The Brain Benefits of Martial Arts

Mental Benefits of Martial Arts

As we’ve discussed in previous articles, there’s an enormous (and growing) body of evidence that tells us physical activity is a great way to preserve and optimize mental power. Today, we’ll take a closer look at a sport famed for its intense, fast-paced duels—martial arts.

First, a little trivia. Combat sports date back to 2000-3000 B.C., and while they’re typically associated with the far East (Japanese Karate, Korean Taekwondo, and Muay Thai), the term ‘martial’ actually means ‘arts of Mars’—named for the Roman God of war. Today, martial arts are a global sports, from Brazilian Jiu-Jitsu to Israeli Krav Maga and Russian Sambo.

It comes as no surprise that martial arts have the power to change your brain. Methodical, purposeful movements are great for forging a better mind-body connection. Take Karate masters for example—they’re able to generate a force in their punches that belies their often small or aged stature. But how?

Surprisingly, raw muscular strength doesn’t fully account for their powerful punches. A study that scanned the brains of black belt karate practitioners with an average of 14 years of experience found differences in the microstructure and connections of their brains compared to participants who were seasoned physical fitness junkies but did not practice martial arts(1).

These mental and brain differences allowed the martial arts masters to synchronize the movement of their wrists and shoulders, giving them the ability to punch as hard as they did. Interestingly, changes in the brain depended on the age that a person started picking up the arts, as well as their total experience in the discipline.

Concentration is crucial in combat sports, and its a fundamental requirement for effectively anticipating and intercepting attacks while planning counter-moves. Repeated practice invariably hones and sharpens your instincts. In everyday life, this has been shown to translate to better ability to pay attention.

In fact, studies found that healthy adults with at least 2 years of martial arts training performed better in the attentional network test—an activity designed to evaluate all 3 dimensions of attention (responding to alerts, orienting towards the sensory stimulation, and executive control of attention), compared to adults who just exercised regularly(2).

Mental benefits of martial arts are more profound for those starting at a younger age

Other studies on children (with an average age of 9) found that those who practiced karate for about 3 to 4 hours a week for the last 3 to 5 years were physically faster, more coordinated, and scored higher in assessments on working memory (also known as short term memory), visual spatial attention (the ability to locate something of interest in space) and executive function (higher motor skills needed to think and plan)(3). Researchers propose that this may be due to the engaging, sophisticated, and complex moves demanded in karate practice that trains the prefrontal neural network (an area of the brain responsible for executive functioning) to function more efficiently.

This disciplined approach also applies to behavior regulation. In martial arts, control is vital, dictating when to attack an opportunity and when to hold back and wait for a better one. This may confer better mental, emotional and social self-regulation—a hypothesis observed by research that observed the behavior of children (kindergarten through 5th grade) who grew up practicing Taekwondo(4).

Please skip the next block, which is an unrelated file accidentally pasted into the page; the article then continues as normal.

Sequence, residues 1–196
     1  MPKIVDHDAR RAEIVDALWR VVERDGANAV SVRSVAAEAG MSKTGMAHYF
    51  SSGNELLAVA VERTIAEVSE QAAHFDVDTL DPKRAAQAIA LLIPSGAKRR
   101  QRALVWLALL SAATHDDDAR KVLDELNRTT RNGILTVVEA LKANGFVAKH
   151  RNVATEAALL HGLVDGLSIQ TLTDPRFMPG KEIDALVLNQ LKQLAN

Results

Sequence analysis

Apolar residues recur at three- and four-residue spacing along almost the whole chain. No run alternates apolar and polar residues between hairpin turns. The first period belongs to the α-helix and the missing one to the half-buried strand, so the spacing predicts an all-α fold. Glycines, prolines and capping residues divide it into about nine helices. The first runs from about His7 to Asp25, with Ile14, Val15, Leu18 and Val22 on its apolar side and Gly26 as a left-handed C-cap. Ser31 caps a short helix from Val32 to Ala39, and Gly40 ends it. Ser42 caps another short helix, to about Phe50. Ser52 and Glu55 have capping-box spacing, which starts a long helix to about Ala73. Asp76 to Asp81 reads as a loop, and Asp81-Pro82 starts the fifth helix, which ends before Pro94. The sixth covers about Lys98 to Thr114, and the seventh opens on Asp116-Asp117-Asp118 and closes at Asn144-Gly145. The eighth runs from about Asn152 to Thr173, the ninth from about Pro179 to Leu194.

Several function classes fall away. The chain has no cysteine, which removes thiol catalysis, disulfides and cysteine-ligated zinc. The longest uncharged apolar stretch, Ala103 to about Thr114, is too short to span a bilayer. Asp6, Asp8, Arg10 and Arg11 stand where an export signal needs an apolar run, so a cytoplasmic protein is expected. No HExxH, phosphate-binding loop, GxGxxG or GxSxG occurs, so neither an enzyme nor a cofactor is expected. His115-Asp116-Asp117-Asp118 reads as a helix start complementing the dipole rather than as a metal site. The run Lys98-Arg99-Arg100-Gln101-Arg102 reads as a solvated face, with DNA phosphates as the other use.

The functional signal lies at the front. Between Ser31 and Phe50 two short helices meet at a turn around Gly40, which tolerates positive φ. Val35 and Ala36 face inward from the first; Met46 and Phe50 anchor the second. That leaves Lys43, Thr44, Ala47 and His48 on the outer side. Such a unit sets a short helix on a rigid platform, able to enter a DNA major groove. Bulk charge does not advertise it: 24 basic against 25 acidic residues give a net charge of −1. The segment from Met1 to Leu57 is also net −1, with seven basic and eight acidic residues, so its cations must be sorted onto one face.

Martial arts require controlled aggression, but counter-intuitive as it may be, they may reduce physical and verbal hostility and aggression. An interesting study that implemented a traditional martial arts-based intervention as part of its anti-bullying campaign found that it was successful in lowering the overall frequency of aggression in schools, while promoting the likelihood of bystanders helping victims of bullying. This effect may be partially brought about by the emphasis of empathy, a central tenet in the teaching of traditional martial arts(5).

Lastly, martial arts can have a significant positive impact on mental health by reducing stress levels and alleviating depressed moods. In fact, a study implementing a karate training program in elderly people (between 67 and 93) found it bolstered their feeling of self-worth and lowered depression scores. What’s more, those results were after a mere 16 hours of training.(6)

There’s no question that martial arts could help improve your life, physically and mentally. Of course, safety first. Ensure you’re learning from an expert in a safe environment. After that, focus, work hard, and reap the endless benefits of an art form that’s been around for millennia.

References

1.        Roberts RE, Bain PG, Day BL, Husain M. Individual Differences in Expert Motor Coordination Associated with White Matter Microstructure in the Cerebellum. Cerebral Cortex. 2013;23(10):2282-92.

2.        Johnstone A, Marí-Beffa P. The Effects of Martial Arts Training on Attentional Networks in Typical Adults. Frontiers in Psychology. 2018;9(80).

3.        Alesi M, Bianco A, Padulo J, Vella FP, Petrucci M, Paoli A, et al. Motor and cognitive development: the role of karate. Muscles, Ligaments and Tendons Journal. 2014;4(2):114-20.

4.        Lakes KD, Hoyt WT. Promoting self-regulation through school-based martial arts training. Journal of Applied Developmental Psychology. 2004;25(3):283-302.

5.        W. TS, K. BB, D. NT, M. VE, Peter F, W. TS. Effects of participation in a martial arts–based antibullying program in elementary schools. Psychology in the Schools. 2008;45(10):947-59.

6.        Jansen P, Dahmen-Zimmer K. Effects of Cognitive, Motor, and Karate Training on Cognitive Functioning and Emotional Well-Being of Elderly People. Frontiers in Psychology. 2012;3(40).